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School policy on late work
Old 11-18-2020, 01:53 PM
 
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There was a parent teacher conference at our school today. The student is the son of our principal, who was very upset that his son did not have points deducted from late assignments. Several teachers tried to explain that due to covid-19 circumstances and classrooms with hybrid and remote and different circumstances going on that due dates aren't as easily enforced as they usually are. He said that it's in our school handbook and it needs to be enforced. I have a feeling there will he a huge unpleasant faculty meeting and everybody is going to be micromanaged and forced to uphold late penalty on assignments. I don't even know where I can begin to do this right now! Our classes in our grade program are a mix of day 1, day 2, 4 day a week and remote kids. Students who are out quarentined. Special ed students who get extra days to hand in work. I have much bigger issues than keeping track if work is a day or two late. I'm doing the best I can!


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Middle Ground
Old 11-18-2020, 05:27 PM
 
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I'd definitely rather the principal want points deducted from his son than not, though, wouldn't you?

I get the argument from both sides and understand both viewpoints. I do agree with COVID that there does need to be some grace and flexibility, though...it should be on a case by case basis.

If I was the teacher, I'd take the points off the principal's son's assignments.
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Old 11-18-2020, 08:50 PM
 
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I like that the P is taking a stand and using his son as an example. Students should have consequences for not handing in work when it is due.
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Late Work
Old 11-19-2020, 06:38 AM
 
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I think that is a little piece of minutiae that should be put aside during this time.

Our school policy is called a minimum policy - we are required to at least maintain these rules, but may go beyond if we like.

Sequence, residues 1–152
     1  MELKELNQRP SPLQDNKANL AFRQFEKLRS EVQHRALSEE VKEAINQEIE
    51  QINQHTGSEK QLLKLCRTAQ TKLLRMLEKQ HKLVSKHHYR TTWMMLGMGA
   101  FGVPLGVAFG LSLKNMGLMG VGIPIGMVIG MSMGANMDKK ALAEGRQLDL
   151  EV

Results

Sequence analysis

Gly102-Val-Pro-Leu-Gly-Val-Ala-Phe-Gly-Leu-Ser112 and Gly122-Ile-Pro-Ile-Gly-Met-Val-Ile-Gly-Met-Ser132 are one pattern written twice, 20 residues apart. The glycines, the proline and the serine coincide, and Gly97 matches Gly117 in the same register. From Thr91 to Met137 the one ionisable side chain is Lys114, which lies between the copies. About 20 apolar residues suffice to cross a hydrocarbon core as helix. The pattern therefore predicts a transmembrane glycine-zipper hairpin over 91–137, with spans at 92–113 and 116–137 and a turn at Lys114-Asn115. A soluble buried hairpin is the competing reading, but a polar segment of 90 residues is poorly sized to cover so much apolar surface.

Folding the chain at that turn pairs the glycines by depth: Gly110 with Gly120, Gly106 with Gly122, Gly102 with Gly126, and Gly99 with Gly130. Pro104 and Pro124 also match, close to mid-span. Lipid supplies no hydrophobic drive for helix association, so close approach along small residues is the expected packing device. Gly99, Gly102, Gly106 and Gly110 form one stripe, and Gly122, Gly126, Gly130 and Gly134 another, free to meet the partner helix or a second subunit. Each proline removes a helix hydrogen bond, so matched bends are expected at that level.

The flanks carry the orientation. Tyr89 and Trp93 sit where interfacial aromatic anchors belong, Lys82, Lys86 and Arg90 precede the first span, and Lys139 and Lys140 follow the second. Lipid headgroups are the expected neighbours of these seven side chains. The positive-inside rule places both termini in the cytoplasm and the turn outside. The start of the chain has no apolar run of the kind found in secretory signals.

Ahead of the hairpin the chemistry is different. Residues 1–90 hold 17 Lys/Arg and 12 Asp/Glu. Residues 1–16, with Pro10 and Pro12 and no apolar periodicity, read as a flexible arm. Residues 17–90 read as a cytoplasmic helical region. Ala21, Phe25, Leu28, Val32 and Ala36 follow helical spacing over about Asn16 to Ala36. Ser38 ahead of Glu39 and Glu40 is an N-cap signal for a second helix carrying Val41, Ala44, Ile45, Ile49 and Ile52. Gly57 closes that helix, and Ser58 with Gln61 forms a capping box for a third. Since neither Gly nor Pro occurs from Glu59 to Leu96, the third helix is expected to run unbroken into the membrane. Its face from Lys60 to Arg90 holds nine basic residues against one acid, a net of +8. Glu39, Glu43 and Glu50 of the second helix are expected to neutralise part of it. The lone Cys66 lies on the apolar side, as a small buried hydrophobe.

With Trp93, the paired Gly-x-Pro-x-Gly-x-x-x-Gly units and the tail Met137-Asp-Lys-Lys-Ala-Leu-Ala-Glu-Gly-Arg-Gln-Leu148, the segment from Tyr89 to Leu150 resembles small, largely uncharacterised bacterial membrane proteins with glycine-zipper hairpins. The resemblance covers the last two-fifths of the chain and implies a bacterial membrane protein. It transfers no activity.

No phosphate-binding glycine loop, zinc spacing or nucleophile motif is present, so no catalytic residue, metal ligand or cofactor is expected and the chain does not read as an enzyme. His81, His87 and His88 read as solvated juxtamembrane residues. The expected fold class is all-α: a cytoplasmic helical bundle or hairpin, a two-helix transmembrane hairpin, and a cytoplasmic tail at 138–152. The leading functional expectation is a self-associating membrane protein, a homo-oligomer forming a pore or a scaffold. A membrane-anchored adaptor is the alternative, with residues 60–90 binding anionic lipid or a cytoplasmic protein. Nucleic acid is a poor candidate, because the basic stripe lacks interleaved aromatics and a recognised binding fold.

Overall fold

The school policy is 3 days to turn in late work. Plus, students get the same number of days they were absent to make up work they missed during that absence. Thatís it.

I do not impose a late penalty at all. If they turn it in, I grade it. I do have nonnegotiable deadlines, though, almost always the end of the unit.

For example, we are writing a personal narrative right now that is due Tuesday. Anything to do with this paper will be due Tuesday and that is it. Anything from our personal narrative unit becomes a permanent zero at that point.

I donít know what would cause the principal to choose this hill to die on. Is he also hardline implementing all other rules in the handbook? Is he receiving complaints about possible special treatment of his child - or worried about redwing complaints?

I donít know. I think in hybrid, remote, wonky schedule times we need to give kids as much space and grace as possible.
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Old 11-19-2020, 06:49 AM
 
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I recently told all of my classes that they will be responsible for meeting due dates. I canít keep going back to assignments to grade one person. It is too time consuming. I donít grade things the minute they are due, and I had started grading very much past the deadline because how irresponsible they were being. I am not even going to go back and look after I grade them.

I do like that your p is using his son as an example. I am glad that we do not have a late policy, but I donít think anyone is getting stronger because of that. Kids and families think they can do whatever, whenever. It is too much.


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Old 11-19-2020, 07:49 AM
 
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What age group are we talking about? At the high school level, I think this is a reasonable policy although, in a fully virtual setting it does require that teachers be organized enough to POST their due dates. (I was pretty annoyed with my middle school grandson's FACS teacher who would post assignments with no due date and then deduct points if they didn't turn them in when she wanted them. I think her problem is that she has absolutely no experience with Google Classroom and doesn't realize that it's very hard to keep track of due dates if they aren't set in each assignment.)

For younger kids, a lot depends on whether their parent/guardian is willing and able to help them stay on top of due dates. I think that flexibility is absolutely in order for them.

I think there were enough complaints at my GS's school about this that they decided to have an "amnesty week" where kids could turn in late assignments and get credit for them.

If your principal is asking you to be inflexible about this, I hope HE is prepared to handle all parental complaints.
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